The changes proposed in this Notice respond to recommendations made by the ACD and by the RAC. They also reflect the views expressed by patients, patient advocates, investigators, industry representatives, and professional associations regarding the purpose, public good, and appropriate scope of toxicity and safety data collection and dissemination in human gene transfer research subject to the NIH Guidelines.
The NIH Guidelines (Appendix M-I-C-4) currently require immediate reporting of all serious adverse events to NIH OBA, the IBC, the IRB, and, if applicable, the Office for Human Research Protections. This NIH requirement for immediate reporting of all serious adverse events, whether or not they are associated with the gene transfer product, was added to the NIH Guidelines in 1990, shortly after human gene transfer studies began. Because gene transfer was a novel and untested area of clinical investigation and because of the potential risks, NIH determined, with advice from the RAC, that it would be prudent to collect information on all serious adverse events in these studies.
These and other provisions of the NIH Guidelines apply to NIH-funded as well as non-NIH-funded gene transfer projects that are conducted at or sponsored by an institution that receives NIH support for recombinant DNA research. All human gene transfer research studies are also subject to FDA regulations found in volume 21 of the Code of Federal Regulations (CFR), including specific requirements at 21 CFR 312.32 related to adverse events.
Roles and Responsibilities of NIH and FDA. The scope and timeframe of the serious adverse event reporting to the NIH and the FDA currently differ. As noted above, NIH requires immediate reporting of all serious adverse events. FDA requires expedited reporting of only those serious adverse events that are unexpected and considered possibly associated with the gene transfer product.
The two agencies also have different roles and responsibilities with respect to adverse event reports and initiate different, but complementary, processes in response to these reports. The FDA conducts an analysis of an adverse event(s) and related data and, if necessary, places the study, and others like it, on clinical hold until the safety issues have been adequately addressed. The FDA is required by law to maintain the confidentiality of all information connected with an investigational new drug (IND). In contrast, the reporting of serious adverse events to NIH enables the identification of trends in serious adverse events, the assessment of their significance for the safety of patients enrolled in similar human gene transfer studies, and public discussion by the RAC of important developments in the safety of human gene transfer research.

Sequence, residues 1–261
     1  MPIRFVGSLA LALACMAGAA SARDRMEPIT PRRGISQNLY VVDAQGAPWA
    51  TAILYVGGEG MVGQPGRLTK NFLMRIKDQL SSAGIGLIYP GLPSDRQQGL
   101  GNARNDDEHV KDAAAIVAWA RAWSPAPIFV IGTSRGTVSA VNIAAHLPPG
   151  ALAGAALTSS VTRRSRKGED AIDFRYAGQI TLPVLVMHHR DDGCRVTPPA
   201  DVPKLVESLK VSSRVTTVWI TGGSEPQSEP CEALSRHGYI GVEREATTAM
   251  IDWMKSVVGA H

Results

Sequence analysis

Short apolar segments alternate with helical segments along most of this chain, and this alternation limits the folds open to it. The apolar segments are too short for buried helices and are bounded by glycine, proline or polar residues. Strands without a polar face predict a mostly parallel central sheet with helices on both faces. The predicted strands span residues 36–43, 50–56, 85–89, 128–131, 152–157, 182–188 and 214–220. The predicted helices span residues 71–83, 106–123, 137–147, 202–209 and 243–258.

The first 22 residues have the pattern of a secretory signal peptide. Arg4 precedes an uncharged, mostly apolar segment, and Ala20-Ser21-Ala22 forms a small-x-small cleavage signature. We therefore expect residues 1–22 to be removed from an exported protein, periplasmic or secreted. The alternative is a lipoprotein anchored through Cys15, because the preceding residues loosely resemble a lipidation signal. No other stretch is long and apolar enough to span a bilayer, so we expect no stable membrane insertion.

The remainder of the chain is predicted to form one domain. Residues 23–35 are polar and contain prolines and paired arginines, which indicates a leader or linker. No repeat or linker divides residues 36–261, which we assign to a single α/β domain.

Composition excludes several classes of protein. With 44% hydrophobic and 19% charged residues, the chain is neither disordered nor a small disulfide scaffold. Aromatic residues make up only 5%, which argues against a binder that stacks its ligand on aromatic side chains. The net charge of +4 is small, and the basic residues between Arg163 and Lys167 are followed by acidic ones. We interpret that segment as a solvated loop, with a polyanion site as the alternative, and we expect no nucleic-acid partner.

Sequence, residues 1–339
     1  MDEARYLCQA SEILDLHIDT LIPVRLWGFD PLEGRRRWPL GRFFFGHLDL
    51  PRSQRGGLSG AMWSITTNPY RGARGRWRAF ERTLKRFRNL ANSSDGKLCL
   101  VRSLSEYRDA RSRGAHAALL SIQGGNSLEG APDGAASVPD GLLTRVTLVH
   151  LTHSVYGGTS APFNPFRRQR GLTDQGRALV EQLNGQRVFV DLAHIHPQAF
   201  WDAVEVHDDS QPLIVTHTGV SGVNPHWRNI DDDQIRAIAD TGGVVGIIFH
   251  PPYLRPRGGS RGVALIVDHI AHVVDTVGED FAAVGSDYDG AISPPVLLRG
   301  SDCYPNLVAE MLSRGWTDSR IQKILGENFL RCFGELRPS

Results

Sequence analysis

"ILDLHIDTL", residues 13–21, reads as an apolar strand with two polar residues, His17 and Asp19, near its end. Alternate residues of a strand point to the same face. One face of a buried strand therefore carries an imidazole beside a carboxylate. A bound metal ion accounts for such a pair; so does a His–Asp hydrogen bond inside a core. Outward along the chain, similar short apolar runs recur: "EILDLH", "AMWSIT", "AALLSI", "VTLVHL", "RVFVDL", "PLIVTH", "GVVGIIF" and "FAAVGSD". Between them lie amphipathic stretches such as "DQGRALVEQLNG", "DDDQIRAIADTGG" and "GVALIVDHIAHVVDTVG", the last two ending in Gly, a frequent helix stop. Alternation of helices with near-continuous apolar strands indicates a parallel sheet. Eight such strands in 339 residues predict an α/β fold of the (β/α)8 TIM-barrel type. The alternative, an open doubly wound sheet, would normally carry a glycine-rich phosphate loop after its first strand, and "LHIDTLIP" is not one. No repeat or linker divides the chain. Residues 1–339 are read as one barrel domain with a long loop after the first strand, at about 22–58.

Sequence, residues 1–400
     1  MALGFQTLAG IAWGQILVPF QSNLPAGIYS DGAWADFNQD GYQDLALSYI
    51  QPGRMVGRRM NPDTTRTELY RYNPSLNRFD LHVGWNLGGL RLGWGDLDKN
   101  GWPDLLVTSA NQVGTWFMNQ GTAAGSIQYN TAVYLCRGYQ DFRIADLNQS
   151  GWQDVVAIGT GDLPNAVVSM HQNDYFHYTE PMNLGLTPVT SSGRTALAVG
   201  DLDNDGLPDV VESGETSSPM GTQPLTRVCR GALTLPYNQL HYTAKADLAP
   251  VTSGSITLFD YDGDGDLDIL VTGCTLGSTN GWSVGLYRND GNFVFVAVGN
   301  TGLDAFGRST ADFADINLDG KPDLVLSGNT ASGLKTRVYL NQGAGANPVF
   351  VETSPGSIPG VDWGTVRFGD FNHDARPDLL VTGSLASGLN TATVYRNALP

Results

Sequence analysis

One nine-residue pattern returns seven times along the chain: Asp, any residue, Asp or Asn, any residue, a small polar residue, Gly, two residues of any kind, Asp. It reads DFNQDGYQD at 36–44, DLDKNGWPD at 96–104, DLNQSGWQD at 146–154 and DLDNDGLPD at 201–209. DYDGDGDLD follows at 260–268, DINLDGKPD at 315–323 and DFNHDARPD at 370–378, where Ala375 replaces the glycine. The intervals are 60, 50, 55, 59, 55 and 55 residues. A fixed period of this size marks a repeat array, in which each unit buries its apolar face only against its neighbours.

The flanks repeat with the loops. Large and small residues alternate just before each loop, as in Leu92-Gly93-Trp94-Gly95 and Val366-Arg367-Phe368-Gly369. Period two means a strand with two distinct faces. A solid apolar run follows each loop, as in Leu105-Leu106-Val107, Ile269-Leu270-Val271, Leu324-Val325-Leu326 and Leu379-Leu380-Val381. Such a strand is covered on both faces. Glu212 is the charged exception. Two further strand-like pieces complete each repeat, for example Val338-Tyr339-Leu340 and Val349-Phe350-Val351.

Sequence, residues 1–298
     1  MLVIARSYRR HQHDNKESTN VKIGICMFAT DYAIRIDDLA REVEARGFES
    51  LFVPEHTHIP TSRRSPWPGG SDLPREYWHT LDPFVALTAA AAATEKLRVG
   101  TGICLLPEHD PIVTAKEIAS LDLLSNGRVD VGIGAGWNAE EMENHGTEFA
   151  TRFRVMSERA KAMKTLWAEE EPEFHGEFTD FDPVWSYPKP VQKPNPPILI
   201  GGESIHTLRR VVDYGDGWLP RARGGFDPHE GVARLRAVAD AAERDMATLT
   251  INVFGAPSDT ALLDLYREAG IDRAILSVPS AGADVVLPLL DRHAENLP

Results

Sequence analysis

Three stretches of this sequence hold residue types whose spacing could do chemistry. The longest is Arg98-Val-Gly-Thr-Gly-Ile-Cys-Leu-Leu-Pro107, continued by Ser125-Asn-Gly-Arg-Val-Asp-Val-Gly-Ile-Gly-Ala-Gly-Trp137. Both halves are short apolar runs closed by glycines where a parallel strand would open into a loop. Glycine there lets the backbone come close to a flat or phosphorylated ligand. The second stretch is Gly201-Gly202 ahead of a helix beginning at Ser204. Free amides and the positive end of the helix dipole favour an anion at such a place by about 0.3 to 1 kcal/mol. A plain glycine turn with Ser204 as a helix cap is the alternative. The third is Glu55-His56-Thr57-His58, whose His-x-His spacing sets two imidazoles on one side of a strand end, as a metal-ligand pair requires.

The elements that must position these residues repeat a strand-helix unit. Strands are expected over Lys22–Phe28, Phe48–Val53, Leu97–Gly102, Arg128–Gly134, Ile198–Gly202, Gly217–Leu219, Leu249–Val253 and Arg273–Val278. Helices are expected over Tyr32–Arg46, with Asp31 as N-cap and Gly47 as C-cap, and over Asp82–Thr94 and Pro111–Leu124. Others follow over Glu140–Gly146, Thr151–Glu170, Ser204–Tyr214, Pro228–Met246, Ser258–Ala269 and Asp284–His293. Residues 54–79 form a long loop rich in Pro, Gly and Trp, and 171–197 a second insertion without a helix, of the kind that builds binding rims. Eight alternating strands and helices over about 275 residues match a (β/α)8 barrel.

Confidentiality of Adverse Event Reports. In September 1999, the RAC initiated discussions regarding public access to serious adverse event information. This discussion was in response to several serious adverse event reports submitted to OBA which were labeled as confidential. The NIH has always acknowledged and affirmed the need to protect trade secret and other proprietary information, such as the details of a sponsor's manufacturing process, and this principle is accommodated in the NIH Guidelines. The concept that reports of serious adverse events should be considered from a commercial standpoint as confidential, however, is contrary to NIH's commitment to public access to information about the safety of human gene transfer research. Since the NIH Guidelines were not explicit about the confidentiality of serious adverse event reports, NIH OBA asked the RAC to consider whether the NIH Guidelines should be modified to clarify the requirement for public access to these reports. In response, the RAC issued the following consensus statement:
Adverse event reports shall not be designated as confidential, either in whole or in part. Adverse event reports are essential to decision-making by IBCs, IRBs, and potential subjects of gene transfer research in humans. The public disclosure of adverse events is also essential to public understanding and evaluation of gene transfer in humans. Adverse event reports must be made available for public discussion without the inclusion of proprietary or trade secret information.
Compliance with NIH Adverse Event Reporting Requirements. Subsequent to the death of a participant in a human gene transfer research protocol, which was directly attributable to the study, NIH OBA called on investigators conducting related studies to submit comprehensive pre-clinical and clinical data from their trials. In the course of gathering and assessing this data, it became evident that serious adverse events were not being reported to OBA, as required by the NIH Guidelines. Concerted efforts were immediately initiated to ensure enhanced awareness of, and compliance with, the reporting requirements. NIH also proposed that the NIH Guidelines be amended to make the requirements for reporting serious adverse events more explicit. The proposed amendments were published for public comment in the November 22, 1999, Federal Register (64 FR 63827). The proposed amendments added explicit definitions and spelled out timeframes for immediate reporting of serious adverse events.